Mr. Butler Saunder says he’s nervous about emailing me because it could cost him his job. I won’t email him back to say so, but I sincerely hope it does. That would be one less spammer gumming up my inbox.
Besides, I think Butler was made for bigger things. Really. If he lost his job at the spam factory, he’d have more time to pursue what is obviously his true passion: fiction writing. You’ll be amazed at the spellbinding email he just sent me. I’ll summarize it for you because I have a word limit and you have a patience limit, but you can find the entire story in an inbox near you.
Butler, which is clearly a pen name, says he’s the “Interim Assistance General Manager at the Hairisburg International Airport in Pennsylvania.” I’d believe him except he doesn’t know the difference between “assistance” and “assistant” and he can’t spell Harrisburg. But that only adds to the intrigue.
During a recent routine check of the airport storage vault, our dedicated Interim Assistance General Manager discovered an abandoned shipment from a London diplomat. A scan of the package revealed a metal box containing an undetermined amount of cash. The plot thickens! But it thickens more slowly and with a lot more spelling errors when Butler tells it.
He suspects that the diplomat abandoned the package to avoid interrogation. That leads Butler to assume the money was gained through illegal means, and therefore the proper thing for him to do is to steal it.
And here’s where the story gets really interesting. (I’m sure you were hoping it would.) There are official documents from the United Nations on the box and Butler says they contain MY name and email address. Wow! I’ve never dealt with the UN before, nor do I know a single London diplomat, but if I ever meet this one, I’m going to smack him for sharing my email address.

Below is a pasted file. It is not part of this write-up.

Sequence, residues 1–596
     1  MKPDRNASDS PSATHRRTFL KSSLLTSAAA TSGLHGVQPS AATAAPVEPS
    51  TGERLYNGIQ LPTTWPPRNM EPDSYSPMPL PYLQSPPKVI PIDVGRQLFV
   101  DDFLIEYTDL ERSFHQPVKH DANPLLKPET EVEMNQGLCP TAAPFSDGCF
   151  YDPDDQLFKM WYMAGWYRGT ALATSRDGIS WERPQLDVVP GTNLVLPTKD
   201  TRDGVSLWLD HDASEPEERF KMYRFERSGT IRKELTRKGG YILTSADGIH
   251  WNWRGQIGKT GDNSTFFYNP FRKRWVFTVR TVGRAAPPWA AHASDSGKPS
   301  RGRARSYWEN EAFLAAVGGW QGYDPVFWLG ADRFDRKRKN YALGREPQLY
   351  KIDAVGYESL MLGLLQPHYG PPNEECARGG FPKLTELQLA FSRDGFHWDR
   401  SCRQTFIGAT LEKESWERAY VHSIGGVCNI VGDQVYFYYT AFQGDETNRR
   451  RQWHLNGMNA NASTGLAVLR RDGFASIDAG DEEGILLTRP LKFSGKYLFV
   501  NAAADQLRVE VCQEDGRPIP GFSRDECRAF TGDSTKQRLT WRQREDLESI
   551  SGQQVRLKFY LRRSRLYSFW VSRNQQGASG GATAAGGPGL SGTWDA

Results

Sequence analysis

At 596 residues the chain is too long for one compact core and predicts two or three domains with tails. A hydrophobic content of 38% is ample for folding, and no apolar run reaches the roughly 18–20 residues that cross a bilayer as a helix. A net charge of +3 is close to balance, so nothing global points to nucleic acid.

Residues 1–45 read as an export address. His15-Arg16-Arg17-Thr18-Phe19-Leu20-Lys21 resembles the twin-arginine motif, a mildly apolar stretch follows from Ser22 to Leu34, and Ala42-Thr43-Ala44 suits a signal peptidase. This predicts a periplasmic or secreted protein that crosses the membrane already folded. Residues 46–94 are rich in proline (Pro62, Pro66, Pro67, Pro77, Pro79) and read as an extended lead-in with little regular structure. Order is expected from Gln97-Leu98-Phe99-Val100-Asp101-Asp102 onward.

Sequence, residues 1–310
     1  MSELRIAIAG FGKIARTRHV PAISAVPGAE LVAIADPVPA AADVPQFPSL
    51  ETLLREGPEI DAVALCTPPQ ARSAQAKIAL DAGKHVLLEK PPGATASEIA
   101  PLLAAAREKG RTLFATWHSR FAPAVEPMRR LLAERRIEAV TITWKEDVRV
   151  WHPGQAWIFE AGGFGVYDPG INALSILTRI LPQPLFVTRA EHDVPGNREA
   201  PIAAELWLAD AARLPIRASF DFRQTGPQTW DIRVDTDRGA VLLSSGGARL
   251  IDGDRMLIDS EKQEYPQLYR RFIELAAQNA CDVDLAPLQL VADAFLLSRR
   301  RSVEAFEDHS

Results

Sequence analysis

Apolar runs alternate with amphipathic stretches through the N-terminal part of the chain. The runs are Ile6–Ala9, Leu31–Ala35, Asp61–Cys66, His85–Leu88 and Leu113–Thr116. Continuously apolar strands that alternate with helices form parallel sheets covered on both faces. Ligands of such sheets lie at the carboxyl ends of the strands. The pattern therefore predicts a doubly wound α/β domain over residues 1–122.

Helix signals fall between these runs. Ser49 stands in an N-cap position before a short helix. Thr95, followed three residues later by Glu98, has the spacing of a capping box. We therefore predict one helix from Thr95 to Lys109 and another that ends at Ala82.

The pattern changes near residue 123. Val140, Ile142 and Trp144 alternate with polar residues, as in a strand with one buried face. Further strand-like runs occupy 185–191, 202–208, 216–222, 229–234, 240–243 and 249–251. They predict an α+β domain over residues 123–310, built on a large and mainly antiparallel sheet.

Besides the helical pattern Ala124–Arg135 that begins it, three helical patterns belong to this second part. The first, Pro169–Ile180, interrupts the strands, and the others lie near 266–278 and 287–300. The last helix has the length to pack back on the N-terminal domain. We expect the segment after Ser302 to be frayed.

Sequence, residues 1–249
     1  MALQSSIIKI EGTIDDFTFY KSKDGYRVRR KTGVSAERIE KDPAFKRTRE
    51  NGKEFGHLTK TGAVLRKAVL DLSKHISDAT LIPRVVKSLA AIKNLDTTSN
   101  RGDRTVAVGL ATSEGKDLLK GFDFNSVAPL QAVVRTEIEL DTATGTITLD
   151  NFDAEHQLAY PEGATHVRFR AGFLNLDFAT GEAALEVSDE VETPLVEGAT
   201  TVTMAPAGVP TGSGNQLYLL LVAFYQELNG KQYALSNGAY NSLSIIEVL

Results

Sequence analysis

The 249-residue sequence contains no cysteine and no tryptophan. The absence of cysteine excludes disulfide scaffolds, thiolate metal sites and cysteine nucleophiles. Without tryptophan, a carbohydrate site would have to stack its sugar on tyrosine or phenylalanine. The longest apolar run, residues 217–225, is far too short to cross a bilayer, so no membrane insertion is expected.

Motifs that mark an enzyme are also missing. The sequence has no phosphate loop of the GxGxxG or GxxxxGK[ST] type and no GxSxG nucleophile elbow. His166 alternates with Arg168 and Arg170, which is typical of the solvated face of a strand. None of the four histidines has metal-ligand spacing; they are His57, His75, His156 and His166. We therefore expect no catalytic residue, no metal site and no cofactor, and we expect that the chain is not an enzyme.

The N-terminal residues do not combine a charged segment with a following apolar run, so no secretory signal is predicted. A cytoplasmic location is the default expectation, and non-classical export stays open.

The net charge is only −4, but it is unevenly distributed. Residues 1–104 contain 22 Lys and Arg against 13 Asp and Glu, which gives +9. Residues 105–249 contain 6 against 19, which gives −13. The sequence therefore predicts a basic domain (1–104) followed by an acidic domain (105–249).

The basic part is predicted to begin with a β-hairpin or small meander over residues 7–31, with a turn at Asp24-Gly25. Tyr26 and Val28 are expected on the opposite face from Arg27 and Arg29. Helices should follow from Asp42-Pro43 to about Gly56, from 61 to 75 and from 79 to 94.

Still, I’m hooked on the story, and Butler doesn’t disappoint. He promises to share the loot with me, 70% for me, and 30% for him. This seems extremely generous, if a little foolish, since he doesn’t know how much money is in the box, or if the diplomat has a mean streak and mob ties.
He asks me to send him my phone number and address so that he can have the package delivered, and he stresses that I should send my information to his personal email rather than an official one. This adds to the clandestine feel of the story as well as the sense that he doesn’t actually have an official email address, at least not at the Harrisburg International Airport.
Finally, he urges me to keep the whole thing confidential. I’m usually good at keeping secrets but I don’t know about the other 10,000 people he’s emailed, so I don’t see the harm in telling you. I’m just so darned excited about my windfall, as well as Butler’s potential as a fiction writer. I’d be thrilled if he could focus on his first novel; hole up somewhere and type away all day on his computer—as long as it doesn’t have internet access.
I know it won’t be easy for him; there’s a lot of competition out there. In fact, I’ve received several other fascinating emails in the last few days. One was from Mr. Robert Goode who has discovered that his boss connived with top World Bank officials to divert funds intended for inheritances, international contracts, and lottery wins. The other was from Mrs. Suzanna Gokhan whose husband died recently under suspicious circumstances. She doesn’t say what those circumstances were but I’m not going to email her back to ask. I think I’ll wait for the movie.